Accordingly, each Maneater ring has a triumphant animal on top and a man tucked away inside the band. I loved the way Jennifer Heebner, senior editor of jewelry trade publication JCK Magazine, described this in a blog post last June:
“The hidden companions, meanwhile, are masterfully captured in diminutive forms, with no choice but to await viewing from wearers by way of their subservient posts … “
Jennifer was writing about my first three Maneater designs: the Frog and the Prince, the Lion and the Hunter and Jonah and the Whale. The Bull and the Bullfighter was still a work in progress at that time. It started with a very rough sketch that focused on what I might be able to do with the ring’s band, which would represent the stadium. I wanted to show the seats and everything. My bull was just a tiny black blotch on the stadium floor.
I quickly realized the bull needed to be central, as shown in this later sketch.
The matador was sketched separately.
I gave these sketches to a model maker who hand-carved the bull, the stadium and the matador in hard wax. These wax models were later melted down to make molds in what’s called “lost-wax casting.” I previously explained that process here.
The wax models never come out exactly like the type of inspirational sketch shown here. You can draw absolutely anything on paper when you’re not taking into account the properties of the materials you’re going to use for the smaller, three-dimensional version of the design. When I want to have models match a sketch perfectly, I do a technical drawing, which would account for what is physically possible in both wax and metal. It would also have all the measurements, down to fractions of a millimeter. I’ve done technical drawings for designs, but usually I like to allow for a bit of spontaneity. In this case, I went with a bullfighter who is standing with his back to the viewer, his cape swirling in front of him. It wasn’t realistic to get in all the facial detail from the original sketch and even if I could do it, it would be so small no one would be able to appreciate it. (You can read more about sketches and technical drawings here.)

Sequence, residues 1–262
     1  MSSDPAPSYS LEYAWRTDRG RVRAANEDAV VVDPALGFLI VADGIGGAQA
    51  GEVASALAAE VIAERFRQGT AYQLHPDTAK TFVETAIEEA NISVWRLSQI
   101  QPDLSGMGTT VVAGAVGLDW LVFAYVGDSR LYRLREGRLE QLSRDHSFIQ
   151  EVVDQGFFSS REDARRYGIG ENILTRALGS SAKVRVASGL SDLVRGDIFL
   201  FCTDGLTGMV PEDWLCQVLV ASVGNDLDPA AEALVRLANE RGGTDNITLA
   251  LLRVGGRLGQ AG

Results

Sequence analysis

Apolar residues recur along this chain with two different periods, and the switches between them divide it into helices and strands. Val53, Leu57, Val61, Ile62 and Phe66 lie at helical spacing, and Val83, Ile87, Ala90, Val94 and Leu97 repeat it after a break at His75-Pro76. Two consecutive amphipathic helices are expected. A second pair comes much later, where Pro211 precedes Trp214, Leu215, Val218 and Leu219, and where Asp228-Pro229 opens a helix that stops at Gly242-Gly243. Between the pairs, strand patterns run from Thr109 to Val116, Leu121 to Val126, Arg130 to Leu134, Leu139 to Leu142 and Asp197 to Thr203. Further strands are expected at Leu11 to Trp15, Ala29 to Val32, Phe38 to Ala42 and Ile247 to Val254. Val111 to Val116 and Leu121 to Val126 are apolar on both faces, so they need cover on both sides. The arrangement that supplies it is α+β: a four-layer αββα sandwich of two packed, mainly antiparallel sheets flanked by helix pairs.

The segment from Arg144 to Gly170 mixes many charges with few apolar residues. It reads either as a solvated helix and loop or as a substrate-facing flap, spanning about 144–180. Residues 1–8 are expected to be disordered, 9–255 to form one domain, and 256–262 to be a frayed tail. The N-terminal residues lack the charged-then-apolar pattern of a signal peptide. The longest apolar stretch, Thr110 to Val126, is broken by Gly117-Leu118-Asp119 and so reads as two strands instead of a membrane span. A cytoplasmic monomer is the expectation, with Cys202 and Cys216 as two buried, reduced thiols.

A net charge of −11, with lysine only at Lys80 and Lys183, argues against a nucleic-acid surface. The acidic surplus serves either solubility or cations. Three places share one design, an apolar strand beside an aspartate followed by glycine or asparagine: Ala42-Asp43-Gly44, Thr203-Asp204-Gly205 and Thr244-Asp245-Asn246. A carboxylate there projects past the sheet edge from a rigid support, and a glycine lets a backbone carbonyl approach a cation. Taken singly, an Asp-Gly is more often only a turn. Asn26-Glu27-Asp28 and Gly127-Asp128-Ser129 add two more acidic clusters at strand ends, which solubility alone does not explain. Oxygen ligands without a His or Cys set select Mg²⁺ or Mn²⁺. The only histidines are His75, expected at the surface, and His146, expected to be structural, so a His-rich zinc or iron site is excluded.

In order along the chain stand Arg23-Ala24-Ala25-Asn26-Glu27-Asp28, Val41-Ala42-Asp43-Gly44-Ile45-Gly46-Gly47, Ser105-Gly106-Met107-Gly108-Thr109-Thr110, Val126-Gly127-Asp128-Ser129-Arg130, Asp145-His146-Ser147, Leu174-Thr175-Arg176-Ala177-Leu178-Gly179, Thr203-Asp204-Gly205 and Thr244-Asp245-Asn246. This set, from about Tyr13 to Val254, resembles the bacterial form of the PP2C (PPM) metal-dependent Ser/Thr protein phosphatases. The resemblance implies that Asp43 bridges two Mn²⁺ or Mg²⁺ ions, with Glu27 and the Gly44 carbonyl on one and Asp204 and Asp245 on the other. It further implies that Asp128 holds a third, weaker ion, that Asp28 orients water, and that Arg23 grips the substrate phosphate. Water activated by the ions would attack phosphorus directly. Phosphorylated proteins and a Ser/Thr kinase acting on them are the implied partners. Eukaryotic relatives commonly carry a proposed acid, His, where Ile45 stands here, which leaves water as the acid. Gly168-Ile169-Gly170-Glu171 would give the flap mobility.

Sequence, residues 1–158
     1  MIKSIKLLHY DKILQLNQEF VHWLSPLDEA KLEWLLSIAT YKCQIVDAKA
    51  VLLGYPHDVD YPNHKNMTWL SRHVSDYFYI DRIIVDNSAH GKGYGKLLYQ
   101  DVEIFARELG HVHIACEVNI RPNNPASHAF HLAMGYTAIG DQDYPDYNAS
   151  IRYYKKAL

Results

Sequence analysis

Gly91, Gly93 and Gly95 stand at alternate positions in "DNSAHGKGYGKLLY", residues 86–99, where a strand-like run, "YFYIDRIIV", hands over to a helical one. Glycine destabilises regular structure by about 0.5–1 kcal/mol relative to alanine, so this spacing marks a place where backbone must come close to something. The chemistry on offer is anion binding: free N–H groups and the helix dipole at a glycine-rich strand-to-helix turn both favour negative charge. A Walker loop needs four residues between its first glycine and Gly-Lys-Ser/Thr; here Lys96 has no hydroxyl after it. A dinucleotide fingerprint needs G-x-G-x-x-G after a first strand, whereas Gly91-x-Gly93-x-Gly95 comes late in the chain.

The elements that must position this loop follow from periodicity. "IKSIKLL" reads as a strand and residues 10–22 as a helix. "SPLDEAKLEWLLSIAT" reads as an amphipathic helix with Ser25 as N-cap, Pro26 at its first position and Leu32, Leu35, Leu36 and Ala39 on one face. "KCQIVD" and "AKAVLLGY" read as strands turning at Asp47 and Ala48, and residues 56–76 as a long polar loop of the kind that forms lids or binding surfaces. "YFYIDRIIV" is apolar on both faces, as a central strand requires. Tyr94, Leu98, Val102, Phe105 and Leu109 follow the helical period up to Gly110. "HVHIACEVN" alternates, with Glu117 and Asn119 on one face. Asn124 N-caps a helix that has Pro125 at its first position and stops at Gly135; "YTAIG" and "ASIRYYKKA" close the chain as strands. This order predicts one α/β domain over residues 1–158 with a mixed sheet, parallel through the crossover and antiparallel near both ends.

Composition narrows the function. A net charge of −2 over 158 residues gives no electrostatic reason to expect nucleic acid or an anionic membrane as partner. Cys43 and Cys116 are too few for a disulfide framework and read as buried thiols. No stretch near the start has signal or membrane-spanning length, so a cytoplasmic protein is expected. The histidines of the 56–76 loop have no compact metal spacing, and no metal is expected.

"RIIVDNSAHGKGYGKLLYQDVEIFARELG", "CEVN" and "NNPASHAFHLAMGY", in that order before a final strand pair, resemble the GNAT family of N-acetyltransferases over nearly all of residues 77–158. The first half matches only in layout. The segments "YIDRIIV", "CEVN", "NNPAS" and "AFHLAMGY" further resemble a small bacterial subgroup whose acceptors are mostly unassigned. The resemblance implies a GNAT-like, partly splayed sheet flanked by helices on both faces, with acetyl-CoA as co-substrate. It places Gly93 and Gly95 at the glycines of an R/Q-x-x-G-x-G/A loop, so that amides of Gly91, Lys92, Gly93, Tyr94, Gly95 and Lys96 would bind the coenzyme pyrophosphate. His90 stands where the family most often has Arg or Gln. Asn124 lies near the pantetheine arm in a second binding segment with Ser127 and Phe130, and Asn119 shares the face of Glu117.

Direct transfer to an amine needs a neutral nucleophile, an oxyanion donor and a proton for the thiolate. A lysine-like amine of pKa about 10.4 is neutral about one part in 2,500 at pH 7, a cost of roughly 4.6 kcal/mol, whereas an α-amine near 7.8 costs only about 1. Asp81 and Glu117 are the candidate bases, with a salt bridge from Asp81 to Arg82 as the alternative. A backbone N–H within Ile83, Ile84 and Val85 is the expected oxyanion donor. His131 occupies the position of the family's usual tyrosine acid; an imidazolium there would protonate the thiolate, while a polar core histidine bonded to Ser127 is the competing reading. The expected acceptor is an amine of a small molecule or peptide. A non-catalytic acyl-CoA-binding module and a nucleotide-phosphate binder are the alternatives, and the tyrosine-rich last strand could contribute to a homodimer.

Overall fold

I figured my time was better spent on more meaningful tasks, such as the setting of the 429 diamonds used in this piece. The bull, which is made of 18K rose gold, is adorned with 350 black diamonds. Before the setter started working on the real gold bull, he practiced the layout on a silver model that was created from that lost-wax casting mold. For complicated designs like this, I often do a silver model as an intermediate step between the wax and the gold in order to make refinements to the design that can’t be done in wax. Another benefit of a silver model is the opportunity to play around with the layout of the stones — marking the spaces with pen and then drilling. I always keep that model for future use. Once the places for gems are figured out, the gold piece can be drilled and the stones set.
The black diamonds I used are very tiny: 0.8 millimeters to 1.2 millimeters in diameter. I can’t say the gem setters enjoy this type of work! It’s quite tedious to set hundreds of miniscule stones. The setters have to use loupes and microscopes so they can see what they’re doing.
The 79 white diamonds set in the 18K yellow gold stadium/ring shank are the same size as the black diamonds.
The white diamonds at the top of the ring, surrounding the stadium, are set upside-down to give the building an intimidating, spiky look. Here is the top view of the finished ring.
Here is the bullfighter, portrayed in 18K white gold.
And here is the first side-view photo of my finished ring. Well, I thought it was finished.
I had studied the ring intently before I sent it to the photographer. Then I studied the photo alongside the ring … for days. I had the urge to make a change, but one thing you don’t want to do with a time-consuming and expensive design is make any changes after completion. This ring was, indeed, very time-consuming and expensive to produce. The gold alone weighs a hefty 25 grams (there are 31.10 grams in an ounce of gold). I had multiple people working on the piece: a sketcher; a wax carver; a gem setter; and my main jeweler who supervised everyone else, assembled and finished the piece under my direction. I purchased a lot of diamonds, weighing 1.85 carats in all — 1.48 carats of black diamonds and 0.37 carats of white diamonds. Setting work of this quality can cost $10 a stone or more in New York City, and, like I said, I used 429 stones. That’s a minimum of a $4,290 cost to me just for setting the stones in the metal. (The figure excludes the cost of the diamonds themselves and all other work. You can read more about gem-setting here.) Still, a certain dissatisfaction nagged at me. My very first sketch of the ring had been all about having the bull inside the stadium and the finished ring still reflected that. Now I felt that the design didn’t give the bull his due and that he should be astride the stadium. I finally broke the bad news to my jeweler: He was going to have to take apart the three main metal pieces — the bull, the bullfighter and the stadium — and reposition them. “I’m not sure how I’m going to do this,” he said. “You’ll figure it out,” I replied. He did and I’m glad I took that last, crazy step. To see the ring in all its glory, you definitely need to enlarge this photo by the wonderful Ed Parrinello of SquareMoose.